Chris Bousquet Grey

By Chris Bousquet • October 18, 2017

Our From Research to Results series highlights articles from contemporary academic research that have important practical implications for policymakers.  

“Trust in government is at an all time low.” Does this line sound familiar? Throughout American political history, it has appeared in the headlines of countless articles, today many citing the Pew Research Center’s Public Trust in Government scale or the Edelman Trust Barometer. And yet, while these macro-level studies of citizen trust in government have been a mainstay of American media, few have paid attention to trust at the local, organizational level. Perhaps no one trusts the federal government, but what about your city’s Department of Public Works (DPW)?  

In their paper “Validating a scale for citizen trust in government organizations” for the International Institute of Administrative Sciences, Stephan Grimmelikhuijsen and Eva Knies of the Utrecht University School of Governance in the Netherlands sought to outline and test a method for local government organizations to determine how much citizens trust them.

Based on a scan of scholarly literature in organizational trust, the authors narrowed their concept of trust to three key elements. The first element, perceived competence, examines the extent to which citizens perceive organizations as “capable, effective, skillful, and professional.” The second, perceived benevolence, depends on whether citizens see government as caring about the welfare of the public. And finally, perceived integrity is the degree to which citizens think that organizations tell the truth and fulfill their promises.  

Grimmelikhuijsen and Knies then adapted an existing model for organizational trust in private institutions to a public context. They devised and distributed to 991 residents a survey of 12 questions that attempt to get at perceived competence, benevolence, and integrity. As a sample, the authors focused on perceived trust of local government in the Netherlands to manage air pollution.

After developing their survey, the authors tested and ultimately validated that their survey measured the same quality of trust across various groups of respondents. Two tests—one that compared student responses to other residents and one that compared high and low education groups—revealed similar measurement structures, meaning the model tested trust consistently when applied to different samples. However, based on these tests the authors narrowed their survey down to nine questions (see appendix for model).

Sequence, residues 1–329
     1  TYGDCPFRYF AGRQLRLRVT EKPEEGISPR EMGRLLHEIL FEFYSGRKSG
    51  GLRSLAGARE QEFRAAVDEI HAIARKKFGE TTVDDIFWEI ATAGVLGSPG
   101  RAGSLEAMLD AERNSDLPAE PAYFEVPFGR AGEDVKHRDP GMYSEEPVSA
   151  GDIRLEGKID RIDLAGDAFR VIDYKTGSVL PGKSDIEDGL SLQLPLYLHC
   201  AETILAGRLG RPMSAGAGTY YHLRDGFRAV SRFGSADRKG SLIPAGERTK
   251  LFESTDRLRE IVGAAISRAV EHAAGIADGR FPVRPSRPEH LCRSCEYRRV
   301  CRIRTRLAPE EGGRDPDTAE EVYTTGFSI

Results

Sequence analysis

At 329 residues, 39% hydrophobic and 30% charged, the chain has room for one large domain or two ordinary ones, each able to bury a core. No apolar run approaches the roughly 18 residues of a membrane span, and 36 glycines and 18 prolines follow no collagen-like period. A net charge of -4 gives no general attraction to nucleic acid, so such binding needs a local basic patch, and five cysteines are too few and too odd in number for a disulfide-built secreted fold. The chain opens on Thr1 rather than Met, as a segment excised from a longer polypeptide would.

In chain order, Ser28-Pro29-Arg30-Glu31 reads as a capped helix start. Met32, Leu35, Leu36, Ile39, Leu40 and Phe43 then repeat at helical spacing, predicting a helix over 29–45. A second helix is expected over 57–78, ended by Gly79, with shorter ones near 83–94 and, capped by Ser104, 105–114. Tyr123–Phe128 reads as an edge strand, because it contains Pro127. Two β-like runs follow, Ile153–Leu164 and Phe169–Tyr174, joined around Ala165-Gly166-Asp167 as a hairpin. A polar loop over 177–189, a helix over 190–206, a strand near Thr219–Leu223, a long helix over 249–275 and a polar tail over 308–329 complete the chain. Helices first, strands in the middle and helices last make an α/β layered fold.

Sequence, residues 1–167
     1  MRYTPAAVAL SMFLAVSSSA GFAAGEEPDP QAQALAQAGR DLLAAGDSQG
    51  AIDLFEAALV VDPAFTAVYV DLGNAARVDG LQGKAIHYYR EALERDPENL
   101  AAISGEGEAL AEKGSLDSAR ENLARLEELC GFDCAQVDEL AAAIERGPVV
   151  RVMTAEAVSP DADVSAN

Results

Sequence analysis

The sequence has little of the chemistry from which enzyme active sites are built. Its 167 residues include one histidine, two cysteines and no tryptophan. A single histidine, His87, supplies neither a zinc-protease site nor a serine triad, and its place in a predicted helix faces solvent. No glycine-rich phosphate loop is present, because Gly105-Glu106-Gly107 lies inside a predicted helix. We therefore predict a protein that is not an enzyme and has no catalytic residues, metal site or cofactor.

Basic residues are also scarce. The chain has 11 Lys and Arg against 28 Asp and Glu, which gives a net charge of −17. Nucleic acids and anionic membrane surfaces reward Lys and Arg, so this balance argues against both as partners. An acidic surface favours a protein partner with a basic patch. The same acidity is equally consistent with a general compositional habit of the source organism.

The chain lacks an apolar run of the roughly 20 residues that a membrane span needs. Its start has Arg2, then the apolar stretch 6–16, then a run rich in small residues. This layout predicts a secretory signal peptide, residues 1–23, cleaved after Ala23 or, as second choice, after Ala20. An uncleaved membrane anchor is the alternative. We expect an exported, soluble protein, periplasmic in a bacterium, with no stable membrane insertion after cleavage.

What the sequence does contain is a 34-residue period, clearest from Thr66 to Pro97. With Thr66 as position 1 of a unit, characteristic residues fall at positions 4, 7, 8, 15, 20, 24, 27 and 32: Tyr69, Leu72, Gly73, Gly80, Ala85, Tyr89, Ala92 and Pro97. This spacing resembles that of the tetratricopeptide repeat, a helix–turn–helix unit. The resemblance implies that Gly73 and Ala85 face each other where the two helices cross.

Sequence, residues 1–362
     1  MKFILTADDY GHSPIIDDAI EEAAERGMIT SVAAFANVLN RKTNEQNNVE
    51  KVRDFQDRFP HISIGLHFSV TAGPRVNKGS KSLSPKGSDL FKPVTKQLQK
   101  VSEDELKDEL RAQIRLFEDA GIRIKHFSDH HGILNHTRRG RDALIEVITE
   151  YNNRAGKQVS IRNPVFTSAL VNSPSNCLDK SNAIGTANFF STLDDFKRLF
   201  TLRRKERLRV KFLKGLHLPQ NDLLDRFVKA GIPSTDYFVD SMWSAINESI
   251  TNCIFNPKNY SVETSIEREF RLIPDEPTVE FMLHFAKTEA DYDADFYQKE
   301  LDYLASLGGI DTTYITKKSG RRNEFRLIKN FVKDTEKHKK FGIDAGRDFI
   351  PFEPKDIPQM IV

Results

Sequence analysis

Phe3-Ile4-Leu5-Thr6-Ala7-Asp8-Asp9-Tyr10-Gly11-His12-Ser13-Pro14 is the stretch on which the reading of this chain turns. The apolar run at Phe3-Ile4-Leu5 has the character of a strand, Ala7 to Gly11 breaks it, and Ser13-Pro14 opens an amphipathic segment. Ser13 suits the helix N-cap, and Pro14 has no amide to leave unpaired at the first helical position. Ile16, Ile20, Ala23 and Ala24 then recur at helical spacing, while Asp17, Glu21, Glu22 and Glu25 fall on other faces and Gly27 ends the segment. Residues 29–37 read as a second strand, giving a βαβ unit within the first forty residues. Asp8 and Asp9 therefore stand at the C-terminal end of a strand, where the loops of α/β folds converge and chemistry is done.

In the final part of the study, the authors compared their model to an often-used measure of trust: a one-item trust measure that asks to what degree residents agree with the statement “I have trust in XXX, when it concerns XXX.” The authors found significant correlations for all three factors, indicating that their measurement is indeed a useful gauge of trust.

At a time when trust in federal government seems to be fraying, it is important that local governments make efforts to retain the trust of their residents. Using the model presented in this paper, cities can gain a better understanding of the state of resident trust and work to improve it. 



McKnight et al. 2002 items

Our items

In final scale


ADDED PREFIX: When it concerns [air quality policy]… 


Overall, is a capable and proficient Internet legal advice provider.

COMP1: [The municipality of XX] is capable.*

* is competent and effective in providing legal advice.

COMP2: [The municipality of XX] is effective.


COMP3: [The municipality of XX] is skilful.


In general, is very knowledgeable about the law.

COMP4: [The municipality of XX] is expert.*

* performs its role of giving legal advice very well.

COMP5: [The municipality of XX] carries out its duty very well.*


If required help, would do its best to help me.

BEN1: If citizens need help, [the municipality of XX] will do its best to help them.*


I believe that would act in my best interest.

BEN2: [The municipality of XX] acts in the interest of citizens.*

* is interested in my well-being, not just its own.

BEN3: [The municipality of XX] is genuinely interested in the well-being of citizens.*

* is truthful in its dealings with me.

INT1: [The municipality of XX] approaches citizens in a sincere way.*

* is sincere and genuine.

INT2: [The municipality of XX] is sincere.*

* would keep its commitments.

INT3: [The municipality of XX] keeps its commitments.


I would characterize as honest.

INT4: [The municipality of XX] is honest.*